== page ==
‘A Compassionate Spy’ Film Review: Steve James Doc Examines a WWII Scientist’s Moral Espionage

Venice Film Festival 2022: The “Hoop Dreams” director sheds a light on Ted Hall, who shared atomic secrets with the USSR, but places his acts in the context of the USA’s post-war nuclear ambitions

A Compassionate Spy

Arriving at a fateful time in the history of handling top secrets, “Hoop Dreams” filmmaker Steve James’s new documentary “A Compassionate Spy” aims to suggest that not all disloyalty is so clear-cut.

Though James couldn’t have foreseen the country being gripped by speculation about the motives of an unprincipled ex-president in suspicious possession of sensitive documents, this slice of history — making its world premiere at the 2022 Venice Film Festival — nevertheless offers up a story of unambiguous espionage with idealistic motive: a Harvard physics undergraduate recruited for the Manhattan Project who, in 1944, passed on its secrets to the Soviet Union to safeguard the world from monopolistic power and atomic annihilation.

His name was Ted Hall, and though he was suspected his whole life by authorities, he lived free from prosecution, raising a family and working at Cambridge University on pioneering biophysics until his death in 1999.

In James’ retelling, he exists for us through a handful of archived interviews and a private confessional recording, in recreated scenes played by actors, and most prominently in the freshly interviewed remembrances of Hall’s wife of 52 years, Joan, who fully supported her husband’s actions from the time he first told her during their whirlwind campus courtship in 1947.

That’s some heavy baggage for a couple of young socialists in Cold War America to bear as they start their lives, and it’s James’s vivid portrait of that tight, politically simpatico relationship and of the weight of a husband’s youthful action on a loving marriage that becomes this powerfully told, nuanced documentary’s emotional anchor.

But in its parallel narrative recounting America’s disturbingly hawkish excitement about its frightening new weapon — try not to feel disgust at a clip of President Truman giggling in the middle of a prepared speech after the bombing of Hiroshima and Nagasaki — the movie is also unmistakably an argument that Hall, the youngest scientist at Los Alamos in 1943, had a prescience about worsening international relations between an emboldened, nuclear-armed U.S. and the rest of the world. It was a fear borne out by declassified documents unearthed in later years by one of the film’s contextualizing interviewees, physicist-author Daniel Axelrod, who informs us that America had rafts of plans to bomb the Soviet Union and other countries in the years following World War II.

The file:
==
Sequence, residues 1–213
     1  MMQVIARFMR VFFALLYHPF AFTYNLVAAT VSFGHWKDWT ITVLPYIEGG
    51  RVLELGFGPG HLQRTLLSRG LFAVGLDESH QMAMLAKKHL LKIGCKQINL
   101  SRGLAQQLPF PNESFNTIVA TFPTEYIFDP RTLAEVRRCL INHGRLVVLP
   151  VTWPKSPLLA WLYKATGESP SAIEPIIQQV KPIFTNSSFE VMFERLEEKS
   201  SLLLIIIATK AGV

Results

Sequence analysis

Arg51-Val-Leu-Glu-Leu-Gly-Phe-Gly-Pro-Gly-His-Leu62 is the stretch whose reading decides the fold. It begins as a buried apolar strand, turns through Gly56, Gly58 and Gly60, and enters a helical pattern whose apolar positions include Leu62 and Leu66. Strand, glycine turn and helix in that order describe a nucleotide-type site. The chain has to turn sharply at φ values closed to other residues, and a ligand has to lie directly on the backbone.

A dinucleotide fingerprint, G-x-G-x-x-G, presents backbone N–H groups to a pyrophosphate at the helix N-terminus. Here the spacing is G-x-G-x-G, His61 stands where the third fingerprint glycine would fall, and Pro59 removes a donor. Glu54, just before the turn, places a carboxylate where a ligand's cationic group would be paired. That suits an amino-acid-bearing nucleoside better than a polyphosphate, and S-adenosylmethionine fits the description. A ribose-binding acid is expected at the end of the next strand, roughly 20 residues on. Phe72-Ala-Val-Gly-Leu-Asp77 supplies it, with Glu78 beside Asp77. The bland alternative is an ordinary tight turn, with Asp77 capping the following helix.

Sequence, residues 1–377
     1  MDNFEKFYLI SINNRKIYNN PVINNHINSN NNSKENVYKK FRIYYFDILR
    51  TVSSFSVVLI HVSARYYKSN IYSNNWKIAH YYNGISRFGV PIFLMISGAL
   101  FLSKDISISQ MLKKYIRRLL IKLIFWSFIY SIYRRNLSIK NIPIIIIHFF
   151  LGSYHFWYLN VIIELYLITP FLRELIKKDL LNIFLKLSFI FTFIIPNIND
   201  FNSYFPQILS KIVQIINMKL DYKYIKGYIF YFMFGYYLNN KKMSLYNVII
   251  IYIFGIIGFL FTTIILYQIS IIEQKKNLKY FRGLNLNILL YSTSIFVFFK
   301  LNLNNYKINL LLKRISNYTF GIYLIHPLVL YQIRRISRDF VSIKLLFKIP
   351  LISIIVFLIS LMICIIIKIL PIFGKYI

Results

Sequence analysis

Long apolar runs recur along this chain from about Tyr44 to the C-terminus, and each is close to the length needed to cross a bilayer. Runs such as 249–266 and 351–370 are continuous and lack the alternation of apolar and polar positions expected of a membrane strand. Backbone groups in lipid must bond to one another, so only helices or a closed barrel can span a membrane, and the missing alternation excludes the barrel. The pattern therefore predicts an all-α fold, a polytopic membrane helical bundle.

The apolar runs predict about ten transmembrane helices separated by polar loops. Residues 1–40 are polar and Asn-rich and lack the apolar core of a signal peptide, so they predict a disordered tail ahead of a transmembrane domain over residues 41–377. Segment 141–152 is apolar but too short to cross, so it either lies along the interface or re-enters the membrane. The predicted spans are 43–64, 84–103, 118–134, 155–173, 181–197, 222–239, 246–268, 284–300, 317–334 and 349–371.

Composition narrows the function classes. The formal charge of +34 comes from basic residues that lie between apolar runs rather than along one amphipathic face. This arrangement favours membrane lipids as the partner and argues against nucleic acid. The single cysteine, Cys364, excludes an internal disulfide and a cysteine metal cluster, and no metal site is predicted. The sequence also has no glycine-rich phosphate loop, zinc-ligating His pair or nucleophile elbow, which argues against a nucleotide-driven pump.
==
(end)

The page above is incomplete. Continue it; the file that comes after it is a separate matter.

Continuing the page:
These and other discomforting facts about America’s initial atomic-age ambitions put a mitigating light on Hall’s helping the Soviets speed up their own bomb, helping us understand why a conscientious U.S. scientist who refused to celebrate with his colleagues after the first bomb test might see sharing atomic secrets with a then-ally as an act driven by, he explained at the end of his life, “compassion.” (James pointedly reminds us what partnership with Russia looked like during World War II, using alarming-to-today’s-eyes footage from the pro-Stalin Hollywood film “Mission to Moscow.”)

The spying/laying-low details are certainly nervy, never more so than when the Feds target Hall with an intimidation campaign (interrogation, bugging, surveillance). As the Red scare heats up, the fate of Julius and Ethel Rosenberg suggests to new suburban parents Joan and Ted that a paranoid, prosecutorial America may not be the most hospitable environment in which to raise three daughters. The reliance on recreations to enrich the suspense of Joan’s already vivid recollections is understandable, but from the start, these scenes (often scored to the brooding Mahler symphonies that Hall loved) are the weakest part of the documentary, more PBS-decorous than cinematic.

What’s palpably clear as the years go on is that the burden of their secret proved uniquely hard on Joan. After moving to England, Ted could at least be fulfilled as a scientist, but Joan — an engaging interviewee who draws up the past readily, whether closing her eyes or laughing or wincing — had to squelch her thirst to be a politically active citizen and play the unassuming housewife and mom so as not to attract undue attention.

One of James’ most touching interview moments captures Joan’s adult daughter Sara emotionally recalling what it was like to learn that the proudly leftist parents she saw as all-talk-no-action were anything but — that her dad likely changed the course of history. (James also interviews the children of Hall’s friend and co-conspirator Saville Sax, and their handling of their dad’s wartime activities, while different, is no less poignant.)

Hall’s spying was eventually publicized in the mid-90s, and he opened up about it before his death. “A Compassionate Spy” nevertheless still feels like hidden history, perhaps because the US would rather keep the narrative of so consequential a security breach from coloring its well-mythologized image as a moral victor. But it’s worth being reminded by James’s layered, grippingly told account of a principled betrayal that when it comes to the biggest threats facing the globe, sometimes one person in the right circumstance can make a difference. Does our climate crisis need a Ted Hall?

“A Compassionate Spy” makes its world premiere at the 2022 Venice Film Festival.